Nearly all of the old photos I have in my iCloud Photo Library look like this. Great images, all gone. Destroyed.

Justin Searls:

My iCloud Photo Library is now so big that metadata/thumbnails can’t be loaded onto a 16GB iOS. Has to be disabled

Update (2016-12-13): Jonathan Wight:

People were asking me if using http://Photos.app for storing _all_ my photos was working for me?

Well today it ate them all. So no.

300 GB of photos no longer accessible in http://Photos.app. Fortunately I have many backups (not crazy!)

Favorite Terrible Programming Languages

Fogus:

Write about your favorite programming language honestly, but make it sound terrible.

Marcel Weiher:

Objective-C is a car crash of Smalltalk and C, combining the type-safety of the former with the memory-safety of the latter.

David Smith:

[Objective-C is] An attempt to graft an old children’s language onto the source of 97% of all security bugs and crashes

David Smith:

[Swift is] A forward-looking/past-looking scripting/applications/systems language with no source or link-time compatibility.

Joe Groff:

or working compiler

Benjamin Stiglitz:

[Forth has] No variables, no basic blocks, no syntax, no compiler, doesn’t understand strings.

David Smith:

“Our codebase was unmaintainable, so rather than refactor, we wrote a new language to rewrite it in” [Rust]

Damien Sorresso:

A language that language nerds can’t fathom the success of because its design was influenced by systems programmers.

I presume he’s referring to C.

Surprising Complexity Inside Apple’s Power Adapter

Ken Shirriff (comments):

This is a fantastic quote, but unfortunately it is entirely false. The switching power supply revolution happened before Apple came along, Apple’s design was similar to earlier power supplies[4] and other computers don’t use Rod Holt’s design. Nevertheless, Apple has extensively used switching power supplies and pushes the limits of charger design with their compact, stylish and advanced chargers.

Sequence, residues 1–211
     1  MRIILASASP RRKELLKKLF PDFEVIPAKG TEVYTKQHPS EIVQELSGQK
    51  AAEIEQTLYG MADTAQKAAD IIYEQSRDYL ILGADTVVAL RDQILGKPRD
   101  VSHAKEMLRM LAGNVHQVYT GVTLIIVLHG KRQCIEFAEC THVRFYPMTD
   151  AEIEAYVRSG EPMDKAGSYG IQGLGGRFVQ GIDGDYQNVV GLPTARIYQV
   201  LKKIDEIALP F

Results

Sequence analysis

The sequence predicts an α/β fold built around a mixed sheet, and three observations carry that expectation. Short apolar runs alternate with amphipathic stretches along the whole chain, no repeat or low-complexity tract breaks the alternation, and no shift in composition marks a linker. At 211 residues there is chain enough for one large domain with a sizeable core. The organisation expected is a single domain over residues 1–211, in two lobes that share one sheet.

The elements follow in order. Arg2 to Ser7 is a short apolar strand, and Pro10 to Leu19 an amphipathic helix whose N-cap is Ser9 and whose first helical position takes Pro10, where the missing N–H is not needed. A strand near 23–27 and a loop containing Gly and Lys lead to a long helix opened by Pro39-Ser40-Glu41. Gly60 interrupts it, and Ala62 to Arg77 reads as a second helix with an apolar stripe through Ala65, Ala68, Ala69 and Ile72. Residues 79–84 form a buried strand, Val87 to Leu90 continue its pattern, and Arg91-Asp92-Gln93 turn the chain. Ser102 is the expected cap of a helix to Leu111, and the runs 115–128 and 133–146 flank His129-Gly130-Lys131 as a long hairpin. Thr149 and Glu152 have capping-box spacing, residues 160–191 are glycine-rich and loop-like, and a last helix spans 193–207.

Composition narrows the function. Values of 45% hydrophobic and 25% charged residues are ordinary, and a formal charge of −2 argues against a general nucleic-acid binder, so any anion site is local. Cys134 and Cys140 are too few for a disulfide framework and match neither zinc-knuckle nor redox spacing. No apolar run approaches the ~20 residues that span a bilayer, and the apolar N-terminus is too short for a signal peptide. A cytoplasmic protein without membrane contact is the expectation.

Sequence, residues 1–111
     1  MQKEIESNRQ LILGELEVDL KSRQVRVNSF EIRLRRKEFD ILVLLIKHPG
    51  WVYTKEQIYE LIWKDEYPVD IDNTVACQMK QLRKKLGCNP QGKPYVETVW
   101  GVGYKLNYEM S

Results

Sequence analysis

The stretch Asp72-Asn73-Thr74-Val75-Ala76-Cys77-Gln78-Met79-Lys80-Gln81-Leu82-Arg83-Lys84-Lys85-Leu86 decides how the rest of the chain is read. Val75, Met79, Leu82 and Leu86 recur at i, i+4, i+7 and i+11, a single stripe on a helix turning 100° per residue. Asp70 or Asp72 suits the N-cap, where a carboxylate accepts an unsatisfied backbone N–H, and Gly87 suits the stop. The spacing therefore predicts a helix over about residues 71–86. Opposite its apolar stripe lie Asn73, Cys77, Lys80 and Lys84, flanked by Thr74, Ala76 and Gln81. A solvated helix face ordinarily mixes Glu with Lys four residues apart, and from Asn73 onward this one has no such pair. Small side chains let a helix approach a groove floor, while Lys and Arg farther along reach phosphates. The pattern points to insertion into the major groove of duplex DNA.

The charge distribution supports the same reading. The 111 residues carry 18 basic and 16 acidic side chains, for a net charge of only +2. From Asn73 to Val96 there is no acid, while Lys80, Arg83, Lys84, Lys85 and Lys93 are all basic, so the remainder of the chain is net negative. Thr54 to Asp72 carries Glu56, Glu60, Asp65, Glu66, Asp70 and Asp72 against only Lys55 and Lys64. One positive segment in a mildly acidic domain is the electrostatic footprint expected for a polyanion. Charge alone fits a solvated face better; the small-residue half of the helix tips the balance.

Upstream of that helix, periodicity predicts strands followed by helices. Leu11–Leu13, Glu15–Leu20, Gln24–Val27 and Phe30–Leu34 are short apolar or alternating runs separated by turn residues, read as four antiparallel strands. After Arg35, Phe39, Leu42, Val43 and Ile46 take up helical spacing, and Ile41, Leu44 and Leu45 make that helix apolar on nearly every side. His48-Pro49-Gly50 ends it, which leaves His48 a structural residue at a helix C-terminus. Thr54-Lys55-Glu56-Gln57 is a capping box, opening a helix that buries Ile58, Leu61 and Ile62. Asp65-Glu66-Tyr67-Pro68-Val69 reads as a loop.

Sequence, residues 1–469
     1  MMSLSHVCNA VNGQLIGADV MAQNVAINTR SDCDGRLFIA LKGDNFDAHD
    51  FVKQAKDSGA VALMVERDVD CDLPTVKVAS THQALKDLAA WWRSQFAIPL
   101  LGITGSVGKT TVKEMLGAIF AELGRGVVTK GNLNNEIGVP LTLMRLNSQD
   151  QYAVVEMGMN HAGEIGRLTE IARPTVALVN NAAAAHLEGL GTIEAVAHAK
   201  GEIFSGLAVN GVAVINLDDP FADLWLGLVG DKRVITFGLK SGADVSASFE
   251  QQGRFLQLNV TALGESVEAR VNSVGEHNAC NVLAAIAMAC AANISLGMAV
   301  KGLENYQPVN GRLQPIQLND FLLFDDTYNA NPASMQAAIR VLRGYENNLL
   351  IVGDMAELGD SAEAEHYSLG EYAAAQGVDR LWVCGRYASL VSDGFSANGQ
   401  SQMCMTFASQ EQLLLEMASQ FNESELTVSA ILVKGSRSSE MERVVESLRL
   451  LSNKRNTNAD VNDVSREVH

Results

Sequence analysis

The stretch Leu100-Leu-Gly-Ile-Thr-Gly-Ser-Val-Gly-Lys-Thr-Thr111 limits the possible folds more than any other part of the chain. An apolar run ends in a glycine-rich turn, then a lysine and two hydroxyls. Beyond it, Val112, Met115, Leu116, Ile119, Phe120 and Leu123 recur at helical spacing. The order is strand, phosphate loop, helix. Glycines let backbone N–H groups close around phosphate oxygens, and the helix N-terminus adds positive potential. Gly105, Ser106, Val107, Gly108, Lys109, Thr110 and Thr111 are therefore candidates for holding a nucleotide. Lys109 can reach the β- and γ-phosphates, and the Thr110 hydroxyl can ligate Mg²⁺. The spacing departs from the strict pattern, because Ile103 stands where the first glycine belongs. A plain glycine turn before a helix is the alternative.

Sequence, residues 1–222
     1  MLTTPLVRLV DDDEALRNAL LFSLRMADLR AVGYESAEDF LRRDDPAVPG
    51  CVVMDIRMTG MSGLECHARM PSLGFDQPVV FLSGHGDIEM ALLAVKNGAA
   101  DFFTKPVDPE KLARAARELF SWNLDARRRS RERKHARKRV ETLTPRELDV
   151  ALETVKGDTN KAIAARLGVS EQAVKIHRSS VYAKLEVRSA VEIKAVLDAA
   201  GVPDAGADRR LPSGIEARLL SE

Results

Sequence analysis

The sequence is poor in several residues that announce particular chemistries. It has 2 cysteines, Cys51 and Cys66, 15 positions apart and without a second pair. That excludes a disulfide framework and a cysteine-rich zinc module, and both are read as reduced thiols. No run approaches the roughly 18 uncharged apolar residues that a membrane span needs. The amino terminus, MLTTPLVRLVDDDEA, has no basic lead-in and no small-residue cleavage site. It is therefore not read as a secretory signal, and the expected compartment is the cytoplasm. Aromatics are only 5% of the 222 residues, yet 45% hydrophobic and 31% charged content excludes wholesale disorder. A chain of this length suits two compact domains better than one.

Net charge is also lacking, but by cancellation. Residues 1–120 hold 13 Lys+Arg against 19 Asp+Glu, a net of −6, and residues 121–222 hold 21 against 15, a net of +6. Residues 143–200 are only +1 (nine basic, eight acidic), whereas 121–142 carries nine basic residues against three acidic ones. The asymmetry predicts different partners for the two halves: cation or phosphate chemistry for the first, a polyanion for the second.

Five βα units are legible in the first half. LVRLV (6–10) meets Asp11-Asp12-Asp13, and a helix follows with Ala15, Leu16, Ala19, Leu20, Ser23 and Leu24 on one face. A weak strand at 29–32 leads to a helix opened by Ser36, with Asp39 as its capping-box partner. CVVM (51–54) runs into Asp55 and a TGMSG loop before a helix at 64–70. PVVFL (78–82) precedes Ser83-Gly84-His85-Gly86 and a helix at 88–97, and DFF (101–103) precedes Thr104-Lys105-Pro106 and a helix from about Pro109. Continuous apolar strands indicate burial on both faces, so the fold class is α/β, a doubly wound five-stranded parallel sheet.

[…]

The transformer safely transmits power between the primary and the secondary by using magnetic fields instead of a direct electrical connection. The coils of wire inside the transformer are triple-insulated for safety. Cheap counterfeit chargers usually skimp on the insulation, posing a safety hazard. The optoisolator uses an internal beam of light to transmit a feedback signal between the secondary and primary. The control chip on the primary side uses this feedback signal to adjust the switching frequency to keep the output voltage stable.

One unexpected component is a tiny circuit board with a microcontroller, which can be seen above. This 16-bit processor constantly monitors the charger’s voltage and current. It enables the output when the charger is connected to a Macbook, disables the output when the charger is disconnected, and shuts the charger off if there is a problem. This processor is a Texas Instruments MSP430 microcontroller, roughly as powerful as the processor inside the original Macintosh.